It would probably be safe to say that Wednesday, Jan. 7, 2015 was the most shocking day of Katherine Kropas’s life. Just an hour after finding out she was pregnant, the 23-year-old gave birth to a healthy 10-pound baby girl. Kropas experienced what doctors refer to as a cryptic pregnancy, and although rare, the experience is far from unheard of. Thankfully, Kropas and the baby both ended up fine, but in surprise pregnancies this is not always the case.

The day before Kropas have birth, she was experiencing extreme pain in both her stomach and her back.

“Tuesday morning I woke up, and I had crazy lower back pain,” Kropas told CBS Boston. “I thought I had put on some Christmas season weight, but I never thought I was pregnant. Never.”

Although Kropas was on birth control and still getting her period, at the hospital doctors informed Kropas that the cause for her weight gain was not holiday munchies but rather a human baby, The Washington Post reported.

“I almost fell out of the chair,” Kropas’s father said, noting that Katherine’s mother started to scream when she heard the news, according to ABC Boston.

The child was delivered by Caesarean section at 11:06 p.m., exactly one hour after Kropas and her boyfriend Dan Keefe discovered that that they were parents-to-be.

In the United States. just a little over half of all pregnancies are unplanned, and of every 450 women who fall pregnant, one will not realize her condition until week 20 (more than halfway through the pregnancy.) These super surprises, or cryptic pregnancies, are more common than you might believe and have been recently featured by the TLC reality show I Didn’t Know I Was Pregnant.

“We do about 3,500 births a year, and we probably see this a few times a year,” Dr. Kim Dever, chair of the Obstetrics and Gynecology at South Shore Hospital, told The Washington Post.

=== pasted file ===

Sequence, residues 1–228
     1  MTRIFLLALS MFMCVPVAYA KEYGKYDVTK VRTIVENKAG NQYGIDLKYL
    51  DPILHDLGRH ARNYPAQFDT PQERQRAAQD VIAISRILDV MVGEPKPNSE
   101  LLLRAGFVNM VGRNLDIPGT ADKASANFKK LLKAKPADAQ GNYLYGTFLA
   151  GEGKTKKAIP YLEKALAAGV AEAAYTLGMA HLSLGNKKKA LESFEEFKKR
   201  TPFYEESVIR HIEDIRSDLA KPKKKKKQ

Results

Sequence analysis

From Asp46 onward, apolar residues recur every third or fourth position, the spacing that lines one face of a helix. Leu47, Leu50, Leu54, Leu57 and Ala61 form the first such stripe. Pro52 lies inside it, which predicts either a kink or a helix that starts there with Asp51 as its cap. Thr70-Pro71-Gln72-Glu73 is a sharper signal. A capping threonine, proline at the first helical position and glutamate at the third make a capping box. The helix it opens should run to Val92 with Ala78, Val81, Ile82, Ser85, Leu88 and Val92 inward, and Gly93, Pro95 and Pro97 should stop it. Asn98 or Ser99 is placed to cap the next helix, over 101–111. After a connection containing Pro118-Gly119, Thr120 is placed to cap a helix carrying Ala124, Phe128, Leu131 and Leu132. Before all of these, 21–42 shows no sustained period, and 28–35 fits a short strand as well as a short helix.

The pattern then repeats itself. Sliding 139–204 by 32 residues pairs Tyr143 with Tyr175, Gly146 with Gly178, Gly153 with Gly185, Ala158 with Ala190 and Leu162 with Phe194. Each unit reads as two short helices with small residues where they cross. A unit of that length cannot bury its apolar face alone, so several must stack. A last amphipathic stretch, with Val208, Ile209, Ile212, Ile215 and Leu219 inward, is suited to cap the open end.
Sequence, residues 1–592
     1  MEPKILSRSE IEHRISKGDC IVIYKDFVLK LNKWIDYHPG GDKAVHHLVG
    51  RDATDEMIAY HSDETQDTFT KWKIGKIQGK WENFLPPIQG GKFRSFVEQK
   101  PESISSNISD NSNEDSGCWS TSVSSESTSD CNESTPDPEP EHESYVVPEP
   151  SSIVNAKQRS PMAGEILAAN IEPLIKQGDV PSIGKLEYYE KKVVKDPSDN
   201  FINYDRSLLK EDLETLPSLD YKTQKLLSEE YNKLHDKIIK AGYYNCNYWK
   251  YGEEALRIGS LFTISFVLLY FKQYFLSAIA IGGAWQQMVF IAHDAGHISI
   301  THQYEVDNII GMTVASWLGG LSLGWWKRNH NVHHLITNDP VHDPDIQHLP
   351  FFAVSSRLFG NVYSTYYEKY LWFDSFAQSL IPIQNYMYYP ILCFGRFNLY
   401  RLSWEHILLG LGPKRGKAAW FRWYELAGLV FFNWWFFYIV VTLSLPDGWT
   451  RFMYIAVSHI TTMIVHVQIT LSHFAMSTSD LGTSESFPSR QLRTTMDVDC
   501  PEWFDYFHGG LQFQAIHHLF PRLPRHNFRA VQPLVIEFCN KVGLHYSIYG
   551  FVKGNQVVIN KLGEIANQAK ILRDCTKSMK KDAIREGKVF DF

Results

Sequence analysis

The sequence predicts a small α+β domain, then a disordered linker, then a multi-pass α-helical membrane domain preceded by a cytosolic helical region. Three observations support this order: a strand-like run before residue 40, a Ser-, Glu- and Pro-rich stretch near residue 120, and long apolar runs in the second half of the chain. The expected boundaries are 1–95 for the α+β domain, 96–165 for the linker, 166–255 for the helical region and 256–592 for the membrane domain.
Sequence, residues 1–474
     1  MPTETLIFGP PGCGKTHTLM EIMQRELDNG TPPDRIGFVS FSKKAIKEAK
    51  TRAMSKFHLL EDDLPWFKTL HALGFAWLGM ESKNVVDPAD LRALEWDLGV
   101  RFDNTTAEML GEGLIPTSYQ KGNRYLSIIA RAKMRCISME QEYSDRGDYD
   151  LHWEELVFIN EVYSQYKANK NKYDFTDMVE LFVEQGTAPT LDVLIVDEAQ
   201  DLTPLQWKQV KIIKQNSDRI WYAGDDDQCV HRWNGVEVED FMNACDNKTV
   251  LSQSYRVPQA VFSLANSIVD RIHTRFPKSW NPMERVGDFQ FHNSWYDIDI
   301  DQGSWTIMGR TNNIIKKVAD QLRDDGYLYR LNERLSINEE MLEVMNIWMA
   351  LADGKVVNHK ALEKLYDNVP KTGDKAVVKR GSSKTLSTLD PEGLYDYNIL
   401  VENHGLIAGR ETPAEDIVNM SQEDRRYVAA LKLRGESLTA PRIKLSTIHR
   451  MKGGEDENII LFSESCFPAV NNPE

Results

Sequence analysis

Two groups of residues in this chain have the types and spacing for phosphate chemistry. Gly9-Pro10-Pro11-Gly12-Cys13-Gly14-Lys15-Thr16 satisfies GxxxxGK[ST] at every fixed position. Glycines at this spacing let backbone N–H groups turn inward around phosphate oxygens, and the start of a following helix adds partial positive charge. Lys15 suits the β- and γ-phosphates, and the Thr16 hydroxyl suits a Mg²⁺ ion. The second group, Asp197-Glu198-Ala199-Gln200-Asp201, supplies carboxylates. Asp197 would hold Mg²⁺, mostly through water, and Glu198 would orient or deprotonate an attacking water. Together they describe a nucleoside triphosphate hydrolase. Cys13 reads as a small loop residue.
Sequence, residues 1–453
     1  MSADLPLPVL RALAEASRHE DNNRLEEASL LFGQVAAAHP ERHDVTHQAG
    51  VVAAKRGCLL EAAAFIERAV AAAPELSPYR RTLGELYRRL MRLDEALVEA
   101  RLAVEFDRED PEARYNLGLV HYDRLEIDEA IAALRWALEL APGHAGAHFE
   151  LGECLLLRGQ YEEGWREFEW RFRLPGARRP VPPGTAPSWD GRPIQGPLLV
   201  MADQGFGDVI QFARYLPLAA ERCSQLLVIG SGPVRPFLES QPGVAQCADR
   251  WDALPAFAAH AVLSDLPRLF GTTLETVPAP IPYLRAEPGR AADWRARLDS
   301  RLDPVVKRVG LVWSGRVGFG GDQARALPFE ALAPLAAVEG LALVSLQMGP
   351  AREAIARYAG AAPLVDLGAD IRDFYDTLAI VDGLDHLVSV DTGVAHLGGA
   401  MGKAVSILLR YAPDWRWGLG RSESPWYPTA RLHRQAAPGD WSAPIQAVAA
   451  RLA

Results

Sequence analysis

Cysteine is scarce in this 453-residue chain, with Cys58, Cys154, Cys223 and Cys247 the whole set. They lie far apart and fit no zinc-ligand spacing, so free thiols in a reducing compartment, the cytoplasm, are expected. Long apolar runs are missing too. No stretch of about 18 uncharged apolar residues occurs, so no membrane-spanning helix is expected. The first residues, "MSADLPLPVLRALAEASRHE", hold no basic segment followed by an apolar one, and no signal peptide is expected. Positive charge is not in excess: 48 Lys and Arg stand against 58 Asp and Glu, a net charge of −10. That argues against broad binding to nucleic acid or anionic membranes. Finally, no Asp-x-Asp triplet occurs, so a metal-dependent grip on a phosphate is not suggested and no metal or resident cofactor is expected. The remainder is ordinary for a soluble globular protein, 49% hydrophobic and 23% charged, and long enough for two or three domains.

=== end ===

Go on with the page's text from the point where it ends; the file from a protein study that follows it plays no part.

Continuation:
Studies have shown that unplanned pregnancies are at a greater of ending in preterm births and low birthrates, but unplanned and unknown pregnancies are at an even greater risk. Due to the relatively high rate of unplanned pregnancies in the U.S., the the Centers for Disease Control and Prevention advises that all women of the reproductive age adopt healthy habits to ensure that if they do fall pregnant, the health of their child is not compromised. These include: maintaining a healthy diet and weight, quitting tobacco, abstaining from alcohol and drugs, and taking folic acid.

One of the most dangerous things a pregnant woman can do is consume alcohol. There is no known “safe” amount of alcohol that a woman can drink during her pregnancy, and it is advised that she abstain from it completely until after she gives birth. Alcohol is believed to be most harmful to a baby during the first three months of development, according to MedlinePlus, putting women who don’t realize they are with child until later in the pregnancy at an ever greater risk.

Although not every woman who drinks during her pregnancy will give birth to a baby with the fetal alcohol spectrum disorders, many do. This will result in a range of lifelong physical, behavioral, and intellectual disabilities, according to the CDC.